Revolution in Tunisia: A Historical Analysis of the Uprisings that Began the Arab Spring

Student Author(s)

Sophia Hart

Faculty Mentor(s)

Dr. Janis Gibbs

Document Type


Event Date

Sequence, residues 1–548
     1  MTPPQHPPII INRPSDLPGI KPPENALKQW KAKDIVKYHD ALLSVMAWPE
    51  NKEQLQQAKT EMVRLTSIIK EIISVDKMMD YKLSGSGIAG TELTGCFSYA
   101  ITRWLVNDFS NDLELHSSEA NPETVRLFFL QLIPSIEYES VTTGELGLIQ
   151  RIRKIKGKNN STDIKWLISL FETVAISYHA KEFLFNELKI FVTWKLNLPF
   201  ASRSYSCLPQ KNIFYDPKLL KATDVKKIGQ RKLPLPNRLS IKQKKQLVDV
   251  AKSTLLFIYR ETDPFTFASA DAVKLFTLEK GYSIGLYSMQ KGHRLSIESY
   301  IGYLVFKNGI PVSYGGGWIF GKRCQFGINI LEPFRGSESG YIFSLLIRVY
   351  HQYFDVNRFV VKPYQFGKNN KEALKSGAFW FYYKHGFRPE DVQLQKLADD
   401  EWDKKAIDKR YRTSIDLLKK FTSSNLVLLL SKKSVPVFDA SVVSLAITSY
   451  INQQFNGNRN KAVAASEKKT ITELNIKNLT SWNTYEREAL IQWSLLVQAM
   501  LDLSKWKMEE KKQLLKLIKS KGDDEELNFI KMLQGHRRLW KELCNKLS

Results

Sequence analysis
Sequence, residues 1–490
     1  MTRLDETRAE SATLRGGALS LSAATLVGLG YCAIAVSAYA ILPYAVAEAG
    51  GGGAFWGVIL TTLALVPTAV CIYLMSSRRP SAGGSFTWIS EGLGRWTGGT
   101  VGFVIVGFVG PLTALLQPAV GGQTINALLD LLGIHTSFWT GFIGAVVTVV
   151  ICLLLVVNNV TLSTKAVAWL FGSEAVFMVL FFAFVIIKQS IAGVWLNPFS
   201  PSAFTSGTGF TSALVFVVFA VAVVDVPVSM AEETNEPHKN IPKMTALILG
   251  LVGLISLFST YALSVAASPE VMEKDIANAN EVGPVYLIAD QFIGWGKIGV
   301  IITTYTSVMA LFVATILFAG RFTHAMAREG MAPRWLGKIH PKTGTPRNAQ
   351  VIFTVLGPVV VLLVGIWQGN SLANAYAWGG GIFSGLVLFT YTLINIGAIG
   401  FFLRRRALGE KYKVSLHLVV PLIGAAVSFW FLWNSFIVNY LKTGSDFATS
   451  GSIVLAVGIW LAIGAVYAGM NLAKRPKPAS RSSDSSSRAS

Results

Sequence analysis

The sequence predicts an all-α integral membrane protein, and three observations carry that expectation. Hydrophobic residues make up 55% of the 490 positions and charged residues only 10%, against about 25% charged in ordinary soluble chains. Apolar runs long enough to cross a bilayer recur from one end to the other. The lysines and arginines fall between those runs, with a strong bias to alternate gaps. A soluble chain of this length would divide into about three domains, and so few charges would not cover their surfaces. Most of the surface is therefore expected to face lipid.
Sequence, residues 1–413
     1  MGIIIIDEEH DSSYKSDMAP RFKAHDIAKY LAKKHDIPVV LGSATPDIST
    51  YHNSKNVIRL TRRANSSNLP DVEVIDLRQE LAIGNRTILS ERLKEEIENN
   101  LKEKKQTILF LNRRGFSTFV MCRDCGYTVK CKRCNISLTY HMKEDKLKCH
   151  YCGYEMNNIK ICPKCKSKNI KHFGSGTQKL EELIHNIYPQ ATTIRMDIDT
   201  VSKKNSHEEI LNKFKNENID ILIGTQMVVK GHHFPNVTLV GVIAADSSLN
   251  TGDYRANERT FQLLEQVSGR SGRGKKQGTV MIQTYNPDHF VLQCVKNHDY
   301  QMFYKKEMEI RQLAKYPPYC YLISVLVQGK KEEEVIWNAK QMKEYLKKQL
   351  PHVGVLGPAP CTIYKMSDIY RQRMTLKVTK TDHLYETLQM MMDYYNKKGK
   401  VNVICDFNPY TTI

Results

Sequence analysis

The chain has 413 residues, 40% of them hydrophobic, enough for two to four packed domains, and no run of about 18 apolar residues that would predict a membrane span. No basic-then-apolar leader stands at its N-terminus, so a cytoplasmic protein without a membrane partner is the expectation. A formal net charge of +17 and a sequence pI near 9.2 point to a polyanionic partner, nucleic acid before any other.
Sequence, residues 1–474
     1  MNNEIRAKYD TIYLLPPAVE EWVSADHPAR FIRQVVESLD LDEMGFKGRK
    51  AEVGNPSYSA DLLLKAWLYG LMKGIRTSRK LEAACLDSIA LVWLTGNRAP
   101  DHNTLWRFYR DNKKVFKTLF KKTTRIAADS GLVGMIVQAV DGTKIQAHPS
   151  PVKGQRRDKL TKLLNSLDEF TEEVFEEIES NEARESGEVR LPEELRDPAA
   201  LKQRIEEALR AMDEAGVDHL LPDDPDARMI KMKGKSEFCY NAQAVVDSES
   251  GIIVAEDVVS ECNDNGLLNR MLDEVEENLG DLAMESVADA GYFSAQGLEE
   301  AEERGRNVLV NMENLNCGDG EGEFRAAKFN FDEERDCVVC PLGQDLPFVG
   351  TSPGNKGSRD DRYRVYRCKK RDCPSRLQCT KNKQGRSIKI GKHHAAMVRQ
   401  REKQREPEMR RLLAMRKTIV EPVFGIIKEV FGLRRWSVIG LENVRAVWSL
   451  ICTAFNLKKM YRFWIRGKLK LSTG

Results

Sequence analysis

Tunisia was the first country to have a revolution in the Arab Spring of 2010. The history of Tunisia serves to explain how and why the uprisings came about. Tunisia, as it has developed through the 20th and 21st centuries, was and is engaged in a struggle between the traditional and the modern. This is clear in the various contributing factors that led to the revolution. Those factors include a restrictive, authoritarian, and corrupt government, an educated populace, the desire of the Tunisian people to choose their own government, and poor economic conditions. Religion also played a role in the revolution. After Tunisia gained its independence in 1956, its leaders Habib Bourguiba and Zine El Abidine Ben Ali set out to secularize Tunisia. Religion essentially became excluded from the public sphere. Many Tunisians in 2010 called for the revival of Islam in the public domain. The Islam they called for in their government, though, was not a radical and oppressive Islam, but a pluralistic and accepting one. Tunisians rose up against their government in 2010 because of the varied tensions that had developed over the years between the interior and coastal regions, the modern and the traditional, the secular and the religious, and the wealthy and the poor.

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